The announcement was made on Friday, as the department opened consultation on how the review should be handled in relation to appraisal of sustainability (AoS, which incorporates strategic environmental assessment) and Habitats Regulations assessment. Input from statutory bodies and technical experts is requested by 6 May – only two weeks after the consultation opened.
The Good Law Project said in October that then business secretary Alok Sharma had agreed to review the statements. The organisation, alongside environmentalist George Monbiot and Ecotricity founder Dale Vince, had argued that they were now so grossly outdated that they must be reviewed under the Planning Act 2008.
Since their designation in 2011, major changes have been made to energy policy, most notably the goal to reach net zero carbon emissions by 2050 and ending coal power by October 2024. The cost of renewable energy has also plummeted, while nuclear developments have stalled.
The documents reveal that the review began in March. The NPSs (the overarching energy NPS, fossil fuels, renewable energy, gas and oil pipelines, electricity networks and nuclear) will be subject to consultation themselves once the review is complete.
The AoS will examine the likely social, economic and environmental effects of the revised NPSs and recommend options for avoiding or mitigating such effects. The scoping document admits that it will have to have “a very wide remit”, covering biodiversity, noise, water, climate, waste, cultural heritage and landscape.
It also explicitly states that the Paris Agreement, net zero, the Clean Air Strategy and the Ten Point Plan for a Green Industrial Revolution are relevant to the review, not to mention the Energy White Paper and Industrial Decarbonisation Strategy.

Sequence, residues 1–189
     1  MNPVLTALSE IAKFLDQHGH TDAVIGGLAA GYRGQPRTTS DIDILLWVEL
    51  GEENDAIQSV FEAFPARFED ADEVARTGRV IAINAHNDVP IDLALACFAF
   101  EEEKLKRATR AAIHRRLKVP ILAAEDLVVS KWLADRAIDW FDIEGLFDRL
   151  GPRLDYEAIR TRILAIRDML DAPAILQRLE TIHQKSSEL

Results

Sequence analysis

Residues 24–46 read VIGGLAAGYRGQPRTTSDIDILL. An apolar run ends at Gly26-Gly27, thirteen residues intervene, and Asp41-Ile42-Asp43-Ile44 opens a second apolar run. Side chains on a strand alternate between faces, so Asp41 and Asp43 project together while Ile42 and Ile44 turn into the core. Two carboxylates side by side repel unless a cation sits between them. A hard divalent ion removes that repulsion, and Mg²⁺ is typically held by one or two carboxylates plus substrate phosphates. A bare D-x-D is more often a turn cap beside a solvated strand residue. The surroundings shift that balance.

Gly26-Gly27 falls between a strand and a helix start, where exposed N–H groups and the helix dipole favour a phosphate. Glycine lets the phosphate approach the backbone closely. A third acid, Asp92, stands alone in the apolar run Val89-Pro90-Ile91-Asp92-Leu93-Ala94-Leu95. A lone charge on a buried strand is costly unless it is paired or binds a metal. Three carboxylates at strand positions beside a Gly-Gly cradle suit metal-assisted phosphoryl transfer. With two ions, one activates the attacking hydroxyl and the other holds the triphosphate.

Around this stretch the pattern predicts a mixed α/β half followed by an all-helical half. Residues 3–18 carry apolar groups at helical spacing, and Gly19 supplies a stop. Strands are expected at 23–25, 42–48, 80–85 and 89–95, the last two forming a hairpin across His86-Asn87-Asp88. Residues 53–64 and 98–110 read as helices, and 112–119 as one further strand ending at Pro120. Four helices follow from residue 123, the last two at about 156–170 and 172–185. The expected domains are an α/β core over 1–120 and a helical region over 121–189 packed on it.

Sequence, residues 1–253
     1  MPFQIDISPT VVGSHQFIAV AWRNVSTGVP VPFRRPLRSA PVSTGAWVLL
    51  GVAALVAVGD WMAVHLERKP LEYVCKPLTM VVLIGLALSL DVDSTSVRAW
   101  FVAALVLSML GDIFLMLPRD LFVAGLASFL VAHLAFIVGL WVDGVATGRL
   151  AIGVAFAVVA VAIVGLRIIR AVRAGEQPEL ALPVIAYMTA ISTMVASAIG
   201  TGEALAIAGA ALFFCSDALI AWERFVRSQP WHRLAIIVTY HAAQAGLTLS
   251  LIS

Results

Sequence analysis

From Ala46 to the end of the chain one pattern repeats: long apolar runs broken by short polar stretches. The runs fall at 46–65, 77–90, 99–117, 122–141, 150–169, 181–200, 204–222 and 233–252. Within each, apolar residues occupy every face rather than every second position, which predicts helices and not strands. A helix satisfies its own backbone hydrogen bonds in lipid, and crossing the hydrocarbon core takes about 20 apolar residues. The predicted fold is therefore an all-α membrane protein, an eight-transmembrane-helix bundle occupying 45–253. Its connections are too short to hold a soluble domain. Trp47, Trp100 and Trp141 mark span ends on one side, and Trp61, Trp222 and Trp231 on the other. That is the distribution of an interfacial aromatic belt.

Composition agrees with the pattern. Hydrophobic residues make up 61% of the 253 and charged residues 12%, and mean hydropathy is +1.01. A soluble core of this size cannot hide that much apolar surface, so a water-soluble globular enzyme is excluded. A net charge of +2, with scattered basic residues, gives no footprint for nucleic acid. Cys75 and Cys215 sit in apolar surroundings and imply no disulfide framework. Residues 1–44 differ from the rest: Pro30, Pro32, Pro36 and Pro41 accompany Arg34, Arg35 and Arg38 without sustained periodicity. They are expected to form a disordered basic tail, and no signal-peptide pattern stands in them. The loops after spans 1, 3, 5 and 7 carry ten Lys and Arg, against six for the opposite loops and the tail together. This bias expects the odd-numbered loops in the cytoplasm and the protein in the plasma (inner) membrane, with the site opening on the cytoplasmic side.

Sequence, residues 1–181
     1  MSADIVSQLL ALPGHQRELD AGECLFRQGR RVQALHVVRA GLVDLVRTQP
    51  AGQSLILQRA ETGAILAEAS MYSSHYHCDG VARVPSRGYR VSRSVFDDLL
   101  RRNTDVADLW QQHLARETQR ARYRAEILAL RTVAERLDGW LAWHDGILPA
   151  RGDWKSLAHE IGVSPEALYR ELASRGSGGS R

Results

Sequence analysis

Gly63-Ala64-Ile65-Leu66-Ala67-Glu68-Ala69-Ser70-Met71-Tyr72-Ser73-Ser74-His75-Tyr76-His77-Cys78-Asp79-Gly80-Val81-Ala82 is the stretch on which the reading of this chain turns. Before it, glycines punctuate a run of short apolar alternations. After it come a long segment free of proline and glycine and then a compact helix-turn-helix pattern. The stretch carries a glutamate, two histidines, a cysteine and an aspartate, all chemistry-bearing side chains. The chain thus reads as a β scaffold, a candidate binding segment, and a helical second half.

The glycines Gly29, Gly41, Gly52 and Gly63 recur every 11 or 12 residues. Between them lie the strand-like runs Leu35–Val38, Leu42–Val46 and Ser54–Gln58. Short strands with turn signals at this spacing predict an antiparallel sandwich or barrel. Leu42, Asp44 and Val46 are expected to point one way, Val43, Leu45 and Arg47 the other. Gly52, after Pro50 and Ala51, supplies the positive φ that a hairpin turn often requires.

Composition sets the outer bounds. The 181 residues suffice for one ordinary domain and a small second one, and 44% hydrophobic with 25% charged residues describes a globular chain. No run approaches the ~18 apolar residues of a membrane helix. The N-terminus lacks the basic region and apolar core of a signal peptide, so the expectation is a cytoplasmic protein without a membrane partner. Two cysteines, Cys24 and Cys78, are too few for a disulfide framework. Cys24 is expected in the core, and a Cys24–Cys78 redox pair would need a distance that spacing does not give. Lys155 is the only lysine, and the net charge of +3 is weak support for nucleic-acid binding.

Furthermore, government objectives to reduce greenhouse gas emissions, maximise use of renewable energy, increase energy efficiency and minimise use of fossil fuels will have to be accommodated in the review, it says. Prioritising brownfield development, reducing emissions of nitrogen dioxide and particulates, and preparing for extreme weather and sea level rise will also have to be considered, according to the paper.
The Methodology for the Habitats Regulations assessment says that it will be prepared “in accordance with relevant case law findings, including most notably the ‘People over Wind’ and ‘Holohan’ rulings from the Court of Justice for the European Union”.
Good Law Project director Jo Maugham said: "We are pleased that government has – at last – confirmed the review of the Energy National Policy Statement is going ahead. This is an important victory for all of us deeply concerned about the mounting climate crisis, and a significant advance in the battle to ensure government upholds its commitment to hit net zero carbon emissions by 2050. However this does now beg the question - why won't government suspend and update the Airports NPS to take account of the net nero target in the same way?"